At first, I thought that Palpatine would stage an assassination attempt so that one of his guards could kill Fives and end the threat right there. But then I realized that Palpatine's goal was not just to end the threat but to discredit and destroy it. His decision to tell Fives everything about Order 66 was deliciously, heartbreakingly evil, because he knew that no one would ever believe Fives if he relayed the true story. Staging Fives' escape was the perfect next move. It allowed Fives to spread his insane-sounding story far and wide, which would only undermine his position and make everyone else feel comfortable writing him off. "Orders" reminded us that Palpatine was the ultimate galactic political chess-masters. After so many decades of careful planning, he was not about to let a vat-grown human blaster rifle stand in his way. Instead, he ruthlessly and utterly destroyed Fives, ruining his reputation and discrediting every inch of his theory before he allowed him to die.
Fives was doomed from the moment he escaped the Chancellor's medical center. I don't know what Nala Se injected him with in her desperate (but unnecessary) attempt to discredit him before he could convince the Chancellor of his story, but whatever it was, she needn't have bothered. His future, his livelihood, collapsed the moment that Palpatine started talking. It was tragic enough to watch Palpatine stare at Fives with a blank face as the clone told him that the Kaminoans were covering up something evil. In that moment, Fives must have seen how the cards were stacked against him. Palpatine's reaction could not have seemed reassuring. Even so, this was his commander-in-chief, the man for whom he stood at attention even when strapped to a medical gurney. Surely Palpatine would hear him out. Unfortunately for Fives, the Chancellor did more talking than listening.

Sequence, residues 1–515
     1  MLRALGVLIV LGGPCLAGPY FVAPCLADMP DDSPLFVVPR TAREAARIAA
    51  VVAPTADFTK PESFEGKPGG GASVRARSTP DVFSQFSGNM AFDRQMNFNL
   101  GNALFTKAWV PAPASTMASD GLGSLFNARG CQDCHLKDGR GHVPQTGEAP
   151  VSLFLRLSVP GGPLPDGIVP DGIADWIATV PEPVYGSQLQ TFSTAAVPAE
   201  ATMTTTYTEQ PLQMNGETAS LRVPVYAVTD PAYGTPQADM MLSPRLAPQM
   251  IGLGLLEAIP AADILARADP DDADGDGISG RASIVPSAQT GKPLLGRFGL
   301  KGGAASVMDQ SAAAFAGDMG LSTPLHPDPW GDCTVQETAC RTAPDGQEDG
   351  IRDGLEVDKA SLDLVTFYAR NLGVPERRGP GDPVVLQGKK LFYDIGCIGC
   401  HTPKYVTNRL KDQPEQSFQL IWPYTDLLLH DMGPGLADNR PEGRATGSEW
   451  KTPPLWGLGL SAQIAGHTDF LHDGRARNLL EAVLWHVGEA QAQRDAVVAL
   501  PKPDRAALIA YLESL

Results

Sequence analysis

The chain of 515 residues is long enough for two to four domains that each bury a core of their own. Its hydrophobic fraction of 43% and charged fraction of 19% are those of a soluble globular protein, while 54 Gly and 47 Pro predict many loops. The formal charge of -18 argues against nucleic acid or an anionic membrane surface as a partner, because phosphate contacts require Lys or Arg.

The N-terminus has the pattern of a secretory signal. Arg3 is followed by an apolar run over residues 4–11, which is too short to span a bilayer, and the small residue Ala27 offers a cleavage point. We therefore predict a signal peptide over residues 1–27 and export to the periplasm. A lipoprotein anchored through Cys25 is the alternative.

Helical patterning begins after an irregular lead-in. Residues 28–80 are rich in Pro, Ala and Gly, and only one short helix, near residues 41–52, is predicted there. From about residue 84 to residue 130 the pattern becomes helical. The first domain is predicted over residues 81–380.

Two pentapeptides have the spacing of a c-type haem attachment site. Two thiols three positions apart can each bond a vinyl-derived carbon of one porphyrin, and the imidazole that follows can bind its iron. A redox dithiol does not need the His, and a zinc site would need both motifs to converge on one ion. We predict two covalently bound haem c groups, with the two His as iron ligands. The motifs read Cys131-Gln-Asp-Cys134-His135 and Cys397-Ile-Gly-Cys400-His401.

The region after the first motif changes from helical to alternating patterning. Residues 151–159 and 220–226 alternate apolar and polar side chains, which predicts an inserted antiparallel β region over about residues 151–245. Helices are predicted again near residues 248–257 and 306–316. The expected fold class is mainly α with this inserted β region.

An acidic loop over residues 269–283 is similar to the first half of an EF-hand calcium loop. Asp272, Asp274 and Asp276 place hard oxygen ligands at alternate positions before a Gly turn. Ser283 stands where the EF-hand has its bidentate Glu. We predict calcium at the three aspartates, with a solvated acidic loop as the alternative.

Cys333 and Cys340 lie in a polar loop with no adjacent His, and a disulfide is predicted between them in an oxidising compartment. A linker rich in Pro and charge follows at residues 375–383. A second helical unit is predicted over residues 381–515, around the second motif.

Fives' lurching reaction as he fled the medical center was the perfect way to show his confusion and anger at learning Palpatine's full plan. It is hard to imagine how someone could even function well enough to evade pursuit after having their world turned upside-down so thoroughly and brutally. The Supreme Chancellor of the Republic, plotting to annihilate the Jedi Order and establish a dictatorship? For a soldier bred to fight alongside the Jedi and protect the government of the Chancellor, this news must have been as shocking as learning that up was down and left was right.
Things just got worse for Fives as he made his way around Coruscant. There was a certain brutal irony in his telling the cab driver about Order 66 as they sped along toward the clone bar. Here he was, the only person besides Palpatine and his handful of accomplices to fully understand the despicable betrayal that was about to occur, and his audience was a bored, distracted taxi pilot who didn't even believe him. I have never felt sorrier for a character on this show than I did when I watched Fives shake his head sadly in that cab. As he zoomed through the mundane world of everyday Coruscant, contemplating the impossibly massive plot he had uncovered, he realized that he would never be able to prevent it.